Sunday, March 02, 2008

Of Daughters, Doctors and Daffodils

May God our maker
Our mother
Our friend
Wrap us in wholeness

Keep us in kindness

And bless us each day on our journey

Mothering Sunday here in the UK, which made for a busy busy weekend.

On Saturday Hattie Gandhi came home from uni, so that we could all go out for a family lunch together - a real treat...eating seared prawns and salad sitting outside in the sunshine... It felt like the last moments of calm before a pretty continous period of manic activity, and I savoured it to the full.
Later she treated me to a trip to the cinema to see Juno, which she'd already seen in Cardiff. Great film, though very strange to be there with an audience of girls mostly younger than the protagonist. I was interestered to note those times that they found funny which I really really didn't...Good conversation on the way home. We sent alot of hugs across the Pond to someone who might just be reading this.

Youth Group sleepover to prepare for Sunday worship...Lots of very busy and tired people...some stupid mistakes from the curate in preparing the service sheets, a bit of anxiety that the whole thing would flop, but those kids are amazing. Calm, kind, competent. I know who did the ministering, as we struggled to tie up loose ends some time after midnight - and it certain wasn't the curate.

The service, in the event, was a great success. Fervent prayers were answered. Dr Who's arrival at St Mary's was as smooth as anything that depends on a faulty widget in the space time continuum is ever likely to be. The Tardis docked successfully on top of the pulpit and together we tried to educate the Doctor in the ways of the church and the meaning of Baptism. Our learning was enhanced hugely by the three shiney children we baptized this morning - the younger sisters of one of my Koinonia stalwarts, whom it was sheer joy to bring to the waters of Baptism.
As we shared the Peace, one of the characters in our drama explained

“Everyone who belongs to God’s family needs to share his love and his peace with others…Loving and caring isn’t something limited to God…Nobody’s too old or too young to need it or to give it – and everyone deserves a posy when they manage to, because God’s love makes life beautiful.”

There was alot of that love about in the church this morning, reaching out to those whose experiences of motherhood survived or lamented as much as to those who were happy to celebrate amid the warmth of their families.
Junior Church waited to give posies of daffodils to everyone as they came back from the altar rail...and I do so hope that everyone who helps to make the Church a loving and nurturing community felt that their kindnesses were known and appreciated. There have been so many there who have mothered me as a baby priest...allowed me to learn, to get things wrong, but yet to still hold the authority of the orders amazingly entrusted to me.

Not long ago the Best Spiritual Director Ever was helping me to reflect on models of ministry that might loom large for me both in this time of letting go at St M's and in the new context that lies ahead. I said then that I was anxious to avoid falling into the role of manic mother, intent on being the major care giver and so inadvertently disabling others. Together we came up with the picture of player/conductor in a baroque orchestra...needing to be expert on her own instrument but not for a moment dreaming that she needs to play every other instrument in the ensemble...though still having a sense of how they might best work together, which parts would work best on which instruments and how the whole should sound.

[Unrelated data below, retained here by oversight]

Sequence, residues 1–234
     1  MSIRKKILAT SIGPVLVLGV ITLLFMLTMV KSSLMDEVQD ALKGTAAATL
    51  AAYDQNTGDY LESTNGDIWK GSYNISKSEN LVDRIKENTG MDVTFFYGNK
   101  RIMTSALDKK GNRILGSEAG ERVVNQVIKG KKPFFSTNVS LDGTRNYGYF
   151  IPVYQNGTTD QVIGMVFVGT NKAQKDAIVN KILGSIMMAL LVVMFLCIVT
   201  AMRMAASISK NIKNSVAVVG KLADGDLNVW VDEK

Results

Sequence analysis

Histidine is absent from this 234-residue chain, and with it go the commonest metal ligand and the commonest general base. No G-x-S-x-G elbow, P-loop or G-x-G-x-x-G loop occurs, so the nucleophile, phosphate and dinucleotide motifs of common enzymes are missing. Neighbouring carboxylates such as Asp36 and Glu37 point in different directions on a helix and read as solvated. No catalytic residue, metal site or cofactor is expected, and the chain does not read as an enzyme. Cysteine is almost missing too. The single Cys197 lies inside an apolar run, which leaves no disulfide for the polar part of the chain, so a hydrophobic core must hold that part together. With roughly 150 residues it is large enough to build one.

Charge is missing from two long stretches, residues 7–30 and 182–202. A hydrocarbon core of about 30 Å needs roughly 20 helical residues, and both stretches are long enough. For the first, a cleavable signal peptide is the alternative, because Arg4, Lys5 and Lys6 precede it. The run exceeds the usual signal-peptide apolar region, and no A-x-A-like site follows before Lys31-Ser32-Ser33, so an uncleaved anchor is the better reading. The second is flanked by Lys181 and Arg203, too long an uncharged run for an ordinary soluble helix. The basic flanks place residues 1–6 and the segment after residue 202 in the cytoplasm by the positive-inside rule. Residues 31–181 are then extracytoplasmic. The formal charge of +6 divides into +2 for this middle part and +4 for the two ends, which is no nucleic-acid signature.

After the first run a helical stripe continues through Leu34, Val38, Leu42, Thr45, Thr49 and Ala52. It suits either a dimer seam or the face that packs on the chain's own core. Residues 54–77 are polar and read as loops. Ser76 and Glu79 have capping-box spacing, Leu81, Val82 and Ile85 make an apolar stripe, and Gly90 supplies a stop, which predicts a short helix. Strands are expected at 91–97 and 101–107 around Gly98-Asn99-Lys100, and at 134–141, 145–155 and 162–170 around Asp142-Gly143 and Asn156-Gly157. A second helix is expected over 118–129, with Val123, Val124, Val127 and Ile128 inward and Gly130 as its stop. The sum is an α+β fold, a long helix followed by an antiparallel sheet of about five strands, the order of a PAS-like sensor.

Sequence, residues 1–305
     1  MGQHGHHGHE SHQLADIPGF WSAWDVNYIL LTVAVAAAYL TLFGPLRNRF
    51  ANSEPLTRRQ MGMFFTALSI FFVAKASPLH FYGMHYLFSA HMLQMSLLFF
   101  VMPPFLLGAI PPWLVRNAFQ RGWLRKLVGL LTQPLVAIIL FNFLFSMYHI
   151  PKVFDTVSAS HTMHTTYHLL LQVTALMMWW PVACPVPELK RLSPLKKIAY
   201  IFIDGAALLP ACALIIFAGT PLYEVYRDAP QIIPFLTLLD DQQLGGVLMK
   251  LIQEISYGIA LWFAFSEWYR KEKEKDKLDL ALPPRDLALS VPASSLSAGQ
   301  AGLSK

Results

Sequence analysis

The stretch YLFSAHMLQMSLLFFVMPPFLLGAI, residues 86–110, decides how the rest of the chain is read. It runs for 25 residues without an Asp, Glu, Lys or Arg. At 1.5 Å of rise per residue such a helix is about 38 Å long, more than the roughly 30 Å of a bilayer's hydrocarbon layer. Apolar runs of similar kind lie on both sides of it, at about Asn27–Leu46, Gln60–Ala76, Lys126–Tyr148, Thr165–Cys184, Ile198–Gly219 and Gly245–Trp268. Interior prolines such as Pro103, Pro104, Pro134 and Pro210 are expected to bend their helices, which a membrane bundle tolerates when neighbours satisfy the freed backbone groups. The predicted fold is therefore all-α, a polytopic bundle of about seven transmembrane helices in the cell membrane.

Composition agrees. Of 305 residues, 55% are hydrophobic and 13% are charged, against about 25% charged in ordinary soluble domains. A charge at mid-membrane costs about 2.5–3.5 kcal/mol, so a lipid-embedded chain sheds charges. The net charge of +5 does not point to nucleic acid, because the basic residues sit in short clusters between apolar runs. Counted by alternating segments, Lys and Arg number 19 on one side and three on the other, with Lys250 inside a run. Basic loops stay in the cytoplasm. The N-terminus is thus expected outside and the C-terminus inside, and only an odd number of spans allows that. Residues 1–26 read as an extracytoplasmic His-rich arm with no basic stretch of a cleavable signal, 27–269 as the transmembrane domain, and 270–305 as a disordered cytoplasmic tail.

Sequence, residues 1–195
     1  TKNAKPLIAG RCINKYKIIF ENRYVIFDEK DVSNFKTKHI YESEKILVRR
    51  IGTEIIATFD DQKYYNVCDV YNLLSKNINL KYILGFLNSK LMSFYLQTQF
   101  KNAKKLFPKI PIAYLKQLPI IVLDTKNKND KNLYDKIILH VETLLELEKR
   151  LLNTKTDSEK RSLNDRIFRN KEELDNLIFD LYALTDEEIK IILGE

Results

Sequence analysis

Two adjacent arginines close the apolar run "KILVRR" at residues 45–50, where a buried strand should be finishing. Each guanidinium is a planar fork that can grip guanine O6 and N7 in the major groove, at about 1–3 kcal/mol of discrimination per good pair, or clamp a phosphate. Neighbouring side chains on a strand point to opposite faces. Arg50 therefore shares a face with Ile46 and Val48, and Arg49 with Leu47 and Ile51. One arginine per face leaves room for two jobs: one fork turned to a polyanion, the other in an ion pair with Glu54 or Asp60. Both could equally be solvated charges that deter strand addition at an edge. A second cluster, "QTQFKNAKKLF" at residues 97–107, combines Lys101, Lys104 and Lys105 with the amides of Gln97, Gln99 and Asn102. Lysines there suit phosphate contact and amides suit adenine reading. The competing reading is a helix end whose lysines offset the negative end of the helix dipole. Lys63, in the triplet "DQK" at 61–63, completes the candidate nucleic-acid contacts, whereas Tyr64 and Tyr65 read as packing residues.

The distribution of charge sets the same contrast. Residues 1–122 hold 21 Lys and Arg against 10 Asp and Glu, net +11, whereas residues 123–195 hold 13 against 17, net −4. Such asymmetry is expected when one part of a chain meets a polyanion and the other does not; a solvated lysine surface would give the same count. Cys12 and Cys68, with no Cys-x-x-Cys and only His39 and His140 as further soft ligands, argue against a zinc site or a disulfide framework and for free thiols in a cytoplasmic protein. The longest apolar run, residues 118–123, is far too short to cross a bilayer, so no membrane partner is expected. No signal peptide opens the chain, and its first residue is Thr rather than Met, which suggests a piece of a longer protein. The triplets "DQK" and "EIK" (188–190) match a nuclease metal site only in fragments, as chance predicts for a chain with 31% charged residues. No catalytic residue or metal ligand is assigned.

At OpenHouse this afternoon, no one voice really dominated. We were just glad to be together in our Father's house. On Thursday I had a very belated "ah hah" moment, when I realised that the most important thing any parent could tell their children was summed up in the chorus
"God loves you and I love you and that's the way it should be"
I've just googled this, and the only place it appears on the net is at shipoffools hall of shame for Cringey and Cr*ppy choruses...and I'd agree that the musical merits of the piece are limited, to put it mildly. However, given a congregation of under 8s and their parents and carers it hits the spot nicely - and I'd absolutely go the stake in defence of the basic sentiment.
So...we sang that...WonderfulVicar did an excellent job of telling a story illustrated by paper tearing...we made and decorated Mothering Sunday prayer bookmarks....and suddenly it was the end...time for the Blessing. My last OpenHouse.
The traditional conclusion, a wild rampage around the church featuring assorted children, an even greater assortment of percussion instruments and "You shall go out with joy" didn't actually manage to divert me this time.
Too many lovely people saying lovely things.
I'm really not good at saying Goodbye. Beautiful card from a family whose wedding had been the first I was involved with, and whose son I baptised last year...many hugs...rather alot of determined blinking...and there's still three weeks to go before I actually leave. Bother. This hurts rather...


Disillusioned said...

Lots of hugs sent your way in these challenging times for you.

You will be fine - but getting to the "I'm fine" can be pretty tough at times.

Songbird said...

Bother, indeed.

Lorna said...

yes it hurts - if you weren't such a great curate the loss would be less on both sides.

blessings on Mother's Day and beyond ... a day at a time, a hug at a time, and in the new post a step at a time.

RevDrKate said...

Note to self: Must be careful whose blogs I read at work. Crying very messy at desk. They will miss you, indeed, but the new folks....oh so blessed to have you. Hugs back.